When I created this blog, I intended to use pictures from my rides to spice up regular posts on mindfulness topics. Unfortunately, I faced a series of health challenges that made it hard to get pictures and difficult to practice mindfulness, let alone write about it.
Just the same as I would not be a tidy person if I weren’t doing my weekly chores, I am not mindful unless I am following mindfulness practices.
Unfortunately, my practices are dependent on my structure and habits, and when those things changed, I lost touch with the practices.
Because, in my experience, mindfulness practices become difficult to maintain in times of disruption or change, a discussion of the power of habit (and its limitations) feels important to me.
But before I get into an abstract discussion of habit, let me illustrate the change and disruption that caused me to lapse from my own mindfulness practices.
My most recent challenge came in mid-November, just as I was beginning to recover from breaking my elbow in June. I had just managed a couple of 50-mile rides and was hoping to complete a 70 mile ride soon. Then I got Covid.
Being forced to rest, I once again found myself welcoming dependency into my life, just as I had when I broke my elbow during the summer. I began using marijuana again, isolating myself, and letting my anxiety run rampant.
I’ve always found that dependency is very good at latching onto any strain of passive negativity that one might nurture. It plays quite well with the habitual observation of our miseries.
Today I drink, for tomorrow I may die.
(I’m taking the concept of passive negativity from “Personality isn’t Permanent” by Benjamin Hardy. I feel like it’s fairly self-explanatory. But I do recommend the read.)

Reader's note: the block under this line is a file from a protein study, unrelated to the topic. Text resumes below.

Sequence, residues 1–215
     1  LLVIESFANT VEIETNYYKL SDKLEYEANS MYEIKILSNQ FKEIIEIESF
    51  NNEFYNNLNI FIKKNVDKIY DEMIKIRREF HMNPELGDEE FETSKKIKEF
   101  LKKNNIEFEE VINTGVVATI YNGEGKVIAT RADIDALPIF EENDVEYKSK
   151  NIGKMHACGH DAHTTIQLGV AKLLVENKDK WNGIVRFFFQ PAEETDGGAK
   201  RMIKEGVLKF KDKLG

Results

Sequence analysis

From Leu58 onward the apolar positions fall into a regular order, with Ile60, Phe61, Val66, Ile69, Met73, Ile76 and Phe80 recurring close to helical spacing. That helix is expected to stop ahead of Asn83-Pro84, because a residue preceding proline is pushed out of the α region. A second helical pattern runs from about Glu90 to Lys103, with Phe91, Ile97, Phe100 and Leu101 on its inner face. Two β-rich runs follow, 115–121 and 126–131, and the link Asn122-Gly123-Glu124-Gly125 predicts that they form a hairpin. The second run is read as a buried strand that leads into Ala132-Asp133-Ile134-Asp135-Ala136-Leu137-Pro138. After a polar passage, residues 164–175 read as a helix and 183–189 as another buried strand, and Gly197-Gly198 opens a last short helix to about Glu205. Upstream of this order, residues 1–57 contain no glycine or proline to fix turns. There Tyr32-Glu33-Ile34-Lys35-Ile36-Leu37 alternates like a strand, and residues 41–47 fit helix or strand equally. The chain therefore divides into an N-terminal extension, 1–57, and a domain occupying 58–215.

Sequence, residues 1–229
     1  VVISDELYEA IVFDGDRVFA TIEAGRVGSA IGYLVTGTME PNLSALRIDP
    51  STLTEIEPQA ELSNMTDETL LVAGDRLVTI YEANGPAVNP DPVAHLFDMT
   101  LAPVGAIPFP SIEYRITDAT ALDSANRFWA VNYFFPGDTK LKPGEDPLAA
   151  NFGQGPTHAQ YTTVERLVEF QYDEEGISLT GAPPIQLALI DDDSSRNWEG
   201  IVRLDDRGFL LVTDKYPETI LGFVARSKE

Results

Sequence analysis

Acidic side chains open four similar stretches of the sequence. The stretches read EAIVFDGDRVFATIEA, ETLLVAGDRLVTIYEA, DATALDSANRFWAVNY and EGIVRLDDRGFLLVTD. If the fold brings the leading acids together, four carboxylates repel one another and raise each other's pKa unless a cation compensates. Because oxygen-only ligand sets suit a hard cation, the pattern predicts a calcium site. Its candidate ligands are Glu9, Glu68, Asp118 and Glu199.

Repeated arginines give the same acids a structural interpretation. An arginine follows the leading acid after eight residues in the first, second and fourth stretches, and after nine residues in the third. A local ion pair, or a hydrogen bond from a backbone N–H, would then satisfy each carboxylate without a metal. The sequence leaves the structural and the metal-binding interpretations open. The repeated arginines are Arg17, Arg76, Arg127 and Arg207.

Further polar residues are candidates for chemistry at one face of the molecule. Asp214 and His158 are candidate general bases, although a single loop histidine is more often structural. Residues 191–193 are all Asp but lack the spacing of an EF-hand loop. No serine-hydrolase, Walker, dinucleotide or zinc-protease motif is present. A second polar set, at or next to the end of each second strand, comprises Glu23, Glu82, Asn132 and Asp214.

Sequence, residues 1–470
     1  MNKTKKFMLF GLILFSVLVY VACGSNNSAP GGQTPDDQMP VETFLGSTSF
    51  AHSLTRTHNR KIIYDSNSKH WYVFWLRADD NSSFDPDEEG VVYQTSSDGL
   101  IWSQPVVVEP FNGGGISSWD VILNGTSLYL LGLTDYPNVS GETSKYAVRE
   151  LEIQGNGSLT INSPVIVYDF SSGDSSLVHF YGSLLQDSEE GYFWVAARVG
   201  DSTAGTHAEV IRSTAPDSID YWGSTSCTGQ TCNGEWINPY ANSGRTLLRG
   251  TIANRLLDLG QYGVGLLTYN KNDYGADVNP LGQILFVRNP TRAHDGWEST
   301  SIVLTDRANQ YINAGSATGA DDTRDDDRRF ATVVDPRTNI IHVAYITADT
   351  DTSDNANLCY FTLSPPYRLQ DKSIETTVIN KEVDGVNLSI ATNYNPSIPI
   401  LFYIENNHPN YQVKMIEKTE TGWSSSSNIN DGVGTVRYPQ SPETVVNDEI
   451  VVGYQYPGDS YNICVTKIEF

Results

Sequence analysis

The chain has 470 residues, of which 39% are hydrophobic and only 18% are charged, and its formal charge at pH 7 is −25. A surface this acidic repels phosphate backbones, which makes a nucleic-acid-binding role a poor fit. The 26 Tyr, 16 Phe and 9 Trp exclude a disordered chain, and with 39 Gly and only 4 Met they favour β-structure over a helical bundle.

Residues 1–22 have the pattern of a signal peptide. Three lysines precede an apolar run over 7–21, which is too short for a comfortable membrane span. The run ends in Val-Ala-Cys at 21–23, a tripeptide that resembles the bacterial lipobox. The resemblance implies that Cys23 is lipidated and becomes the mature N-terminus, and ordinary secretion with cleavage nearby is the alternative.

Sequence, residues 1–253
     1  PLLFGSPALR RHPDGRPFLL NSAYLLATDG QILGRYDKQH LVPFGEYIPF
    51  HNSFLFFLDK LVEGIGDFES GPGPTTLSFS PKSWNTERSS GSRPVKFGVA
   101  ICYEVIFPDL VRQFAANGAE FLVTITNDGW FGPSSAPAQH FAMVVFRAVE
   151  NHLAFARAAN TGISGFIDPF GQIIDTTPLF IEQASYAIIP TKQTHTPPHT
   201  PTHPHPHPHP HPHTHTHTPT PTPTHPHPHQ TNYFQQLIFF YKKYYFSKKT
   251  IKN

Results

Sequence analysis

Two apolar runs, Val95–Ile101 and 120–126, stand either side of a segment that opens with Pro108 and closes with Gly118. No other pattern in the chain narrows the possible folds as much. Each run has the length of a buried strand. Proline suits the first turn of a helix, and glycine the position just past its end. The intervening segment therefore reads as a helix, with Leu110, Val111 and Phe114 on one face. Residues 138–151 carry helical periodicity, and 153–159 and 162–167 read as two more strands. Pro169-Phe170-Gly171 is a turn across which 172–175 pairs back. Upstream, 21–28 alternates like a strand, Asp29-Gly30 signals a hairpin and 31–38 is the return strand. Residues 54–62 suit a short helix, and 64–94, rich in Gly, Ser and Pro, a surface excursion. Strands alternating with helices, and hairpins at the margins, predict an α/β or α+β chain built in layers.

My dependencies have ranged from alcohol or marijuana to video games and plain old self-pity and ruminations on the determinacy of the universe.
I find dependency to be a slippery bugger, like a whackamole. One month, it may be a partner on whose flaws we can ruminate, the next month it may be a Netflix series we feel compelled to binge.
I recently read a book on the origins of horizontal gene transfer theory, “The Tangled Tree,” and in it I learned that toward the end of his life Carl Woese, who is today renowned as a great scientist and founder of the field of molecular phylogeny, nurtured a grudge against Charles Darwin.
Perhaps he felt Darwin received the acclaim that he was due, himself. Woese’s friends and colleagues could only puzzle over his unfortunate fixation on Darwin.
But I think it is a fine example of the slipperiness of dependency that even a very accomplished person found himself led into this path of discontentment, a dependency on discrediting a figure who received the adulation Woese felt he deserved, himself.
For myself, it seems that when I focus on the specific dependency, it merely opens the door for the next dependency. I close the door on one mindless occupation and open the door on the next as I congratulate myself on the most recent Pyrrhic victory.
As such, I find it more useful to focus my thoughts around the concept of sobriety vs. insobriety, rather than elevating one dependency to the status of an archvillain of my life.
Brain chemistry is probably too complex for this dichotomy to be anything objective, but it serves me at times as a way to focus my thoughts on replacing a bad habit with a better habit, rather than another bad habit.
Actually, I kind of hate to use the terms “bad habit” and “good habit,” and I suspect that they’re a bit reductive. Habit, as we experience it, is probably too ubiquitous to be cast in Manichean (dualistic) terms.
Malign or elevate them as we will, habits are fundamental to being human. As the saying goes, we are creatures of habit.
A habit can, of course, be bad in that it causes us more distress than joy. But in my experience, labelling a habit as bad is more likely to result in denial and avoidance than positive change.